On the first Sunday of October, in the sunshine, eleven DPA volunteers worked on our land at High House Waste, north of Cornwood.    We finished making a track from just above the gate by the crossing of the Broadall Lake northwards to the open grassland close to the Bronze Age settlement.  The gate over the Broadall Lake is on the eastern boundary and the Bronze Age settlement is in the north east.

Map of High House Waste.

Map of High House Waste.

 

The gorse was very dense, but after a couple of hours with loppers and strimmers, we opened up a 2-metre wide track.

Gorse before clearance. Photo: Adam Sparkes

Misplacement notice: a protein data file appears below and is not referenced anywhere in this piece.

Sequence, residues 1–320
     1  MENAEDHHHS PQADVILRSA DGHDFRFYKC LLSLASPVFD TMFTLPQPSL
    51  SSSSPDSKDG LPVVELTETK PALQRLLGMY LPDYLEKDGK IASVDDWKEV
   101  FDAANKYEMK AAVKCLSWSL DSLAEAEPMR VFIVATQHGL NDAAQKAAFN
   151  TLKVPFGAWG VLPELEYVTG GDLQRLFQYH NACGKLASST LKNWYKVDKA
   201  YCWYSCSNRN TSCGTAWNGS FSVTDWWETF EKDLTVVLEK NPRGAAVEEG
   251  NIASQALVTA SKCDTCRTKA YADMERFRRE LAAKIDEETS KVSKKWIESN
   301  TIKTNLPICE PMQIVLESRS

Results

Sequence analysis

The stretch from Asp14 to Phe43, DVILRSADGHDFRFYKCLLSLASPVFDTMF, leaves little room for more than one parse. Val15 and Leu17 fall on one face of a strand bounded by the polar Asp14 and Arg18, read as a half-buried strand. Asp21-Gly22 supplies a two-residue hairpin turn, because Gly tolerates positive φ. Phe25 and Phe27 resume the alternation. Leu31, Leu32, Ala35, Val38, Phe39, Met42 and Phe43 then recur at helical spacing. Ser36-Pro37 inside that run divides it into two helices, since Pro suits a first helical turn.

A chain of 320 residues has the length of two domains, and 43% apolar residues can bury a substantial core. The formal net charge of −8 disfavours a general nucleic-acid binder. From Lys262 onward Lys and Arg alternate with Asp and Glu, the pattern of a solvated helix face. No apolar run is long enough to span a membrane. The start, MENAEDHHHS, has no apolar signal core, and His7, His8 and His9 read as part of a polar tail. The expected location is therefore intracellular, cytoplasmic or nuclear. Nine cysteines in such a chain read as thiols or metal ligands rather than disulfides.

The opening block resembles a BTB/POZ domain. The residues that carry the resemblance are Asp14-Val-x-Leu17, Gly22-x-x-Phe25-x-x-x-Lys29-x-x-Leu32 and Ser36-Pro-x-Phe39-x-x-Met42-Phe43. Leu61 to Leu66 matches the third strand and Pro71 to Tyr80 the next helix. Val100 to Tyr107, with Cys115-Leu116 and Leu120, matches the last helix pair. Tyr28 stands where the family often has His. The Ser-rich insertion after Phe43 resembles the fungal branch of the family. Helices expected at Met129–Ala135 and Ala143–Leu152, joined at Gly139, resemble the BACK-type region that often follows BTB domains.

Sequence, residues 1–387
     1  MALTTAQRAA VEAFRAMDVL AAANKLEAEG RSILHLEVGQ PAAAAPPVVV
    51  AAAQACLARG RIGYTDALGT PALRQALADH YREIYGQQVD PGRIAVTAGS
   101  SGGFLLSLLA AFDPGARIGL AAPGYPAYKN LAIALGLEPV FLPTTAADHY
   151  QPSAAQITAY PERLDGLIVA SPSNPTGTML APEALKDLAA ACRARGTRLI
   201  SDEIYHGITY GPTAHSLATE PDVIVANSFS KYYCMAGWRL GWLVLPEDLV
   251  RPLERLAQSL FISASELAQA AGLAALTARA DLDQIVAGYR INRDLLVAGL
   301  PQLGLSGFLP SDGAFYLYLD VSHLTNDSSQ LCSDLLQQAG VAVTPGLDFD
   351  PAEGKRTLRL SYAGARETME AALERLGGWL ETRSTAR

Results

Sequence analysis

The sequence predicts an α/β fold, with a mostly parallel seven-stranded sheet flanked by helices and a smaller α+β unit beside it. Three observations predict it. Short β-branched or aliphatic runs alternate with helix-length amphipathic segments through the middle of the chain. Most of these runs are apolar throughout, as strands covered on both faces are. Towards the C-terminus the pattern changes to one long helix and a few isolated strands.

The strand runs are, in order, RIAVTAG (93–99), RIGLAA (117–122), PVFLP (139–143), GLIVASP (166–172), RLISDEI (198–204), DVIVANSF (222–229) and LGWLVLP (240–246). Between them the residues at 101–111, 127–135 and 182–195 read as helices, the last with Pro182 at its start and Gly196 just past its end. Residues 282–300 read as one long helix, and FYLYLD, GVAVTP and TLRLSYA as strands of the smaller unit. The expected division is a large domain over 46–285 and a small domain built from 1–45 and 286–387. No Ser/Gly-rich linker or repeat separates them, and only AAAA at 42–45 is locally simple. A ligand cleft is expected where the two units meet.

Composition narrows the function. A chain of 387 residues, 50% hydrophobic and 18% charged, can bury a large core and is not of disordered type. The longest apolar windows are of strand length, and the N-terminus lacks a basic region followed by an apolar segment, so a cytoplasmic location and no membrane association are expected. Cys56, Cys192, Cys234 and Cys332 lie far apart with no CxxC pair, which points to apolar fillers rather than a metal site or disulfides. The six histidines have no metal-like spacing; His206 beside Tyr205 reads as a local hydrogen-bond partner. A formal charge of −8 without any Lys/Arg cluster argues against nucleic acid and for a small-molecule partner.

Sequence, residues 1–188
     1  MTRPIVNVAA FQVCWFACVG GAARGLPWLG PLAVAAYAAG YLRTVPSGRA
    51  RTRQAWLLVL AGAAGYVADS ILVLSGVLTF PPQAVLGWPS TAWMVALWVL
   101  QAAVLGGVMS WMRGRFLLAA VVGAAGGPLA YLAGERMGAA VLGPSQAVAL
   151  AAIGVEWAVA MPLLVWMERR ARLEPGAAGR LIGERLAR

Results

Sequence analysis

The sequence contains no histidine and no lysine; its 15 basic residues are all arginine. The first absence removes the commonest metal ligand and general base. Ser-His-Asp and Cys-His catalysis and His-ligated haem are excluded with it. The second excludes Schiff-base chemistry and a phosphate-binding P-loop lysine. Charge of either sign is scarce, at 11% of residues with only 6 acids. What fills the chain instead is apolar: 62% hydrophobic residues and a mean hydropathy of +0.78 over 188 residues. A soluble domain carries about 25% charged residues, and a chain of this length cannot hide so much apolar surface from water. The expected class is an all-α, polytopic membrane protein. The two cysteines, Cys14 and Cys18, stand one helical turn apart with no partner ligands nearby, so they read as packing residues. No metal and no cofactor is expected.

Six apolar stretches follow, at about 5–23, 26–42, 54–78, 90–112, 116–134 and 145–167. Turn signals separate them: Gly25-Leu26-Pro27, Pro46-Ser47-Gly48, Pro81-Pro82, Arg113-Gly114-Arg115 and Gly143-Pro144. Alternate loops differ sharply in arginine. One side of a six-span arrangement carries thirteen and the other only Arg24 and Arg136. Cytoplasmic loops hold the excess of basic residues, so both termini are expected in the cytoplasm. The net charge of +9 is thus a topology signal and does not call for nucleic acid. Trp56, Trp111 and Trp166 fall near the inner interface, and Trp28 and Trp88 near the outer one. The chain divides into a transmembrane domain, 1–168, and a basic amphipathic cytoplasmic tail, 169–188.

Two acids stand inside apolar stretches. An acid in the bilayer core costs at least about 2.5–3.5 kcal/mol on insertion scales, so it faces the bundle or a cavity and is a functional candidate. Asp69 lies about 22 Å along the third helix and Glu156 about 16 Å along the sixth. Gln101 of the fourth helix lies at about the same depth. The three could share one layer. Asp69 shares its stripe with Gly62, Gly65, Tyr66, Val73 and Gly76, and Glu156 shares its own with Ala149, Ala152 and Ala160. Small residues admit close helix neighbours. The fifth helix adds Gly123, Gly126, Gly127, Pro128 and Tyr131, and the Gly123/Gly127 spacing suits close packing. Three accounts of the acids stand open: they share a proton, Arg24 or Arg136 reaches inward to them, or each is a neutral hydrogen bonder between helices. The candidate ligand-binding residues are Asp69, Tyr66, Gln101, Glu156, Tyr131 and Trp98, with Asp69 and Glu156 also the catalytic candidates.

Gorse before clearance. Photo: Adam Sparkes

 

The new track. Photo: Adam Sparkes

The new track. Photo: Adam Sparkes

 

The new track. Photo: Adam Sparkes

The new track. Photo: Adam Sparkes

 

The top end of the new track. Photo: Adam Sparkes

The top end of the new track. Photo: Val Barns

 

Chris and Derek also moved some gengards over the river from Hawns and Dendles so they are now ready for use to protect tree seedlings from being eaten by stock.
At lunchtime we were watched from 50 metres away by a male stonechat and there was a female also moving around – we left them plenty of gorse which should provide insect food and shelter over the winter.

Stonechat.

Stonechat Saxixola torquata, male perched on end of stick.

 

Chris saw a family party of stonechats a few weeks ago, which is good news as it shows there had probably been successful breeding on High House Waste this year.   There were also a few late Red Admiral butterflies around.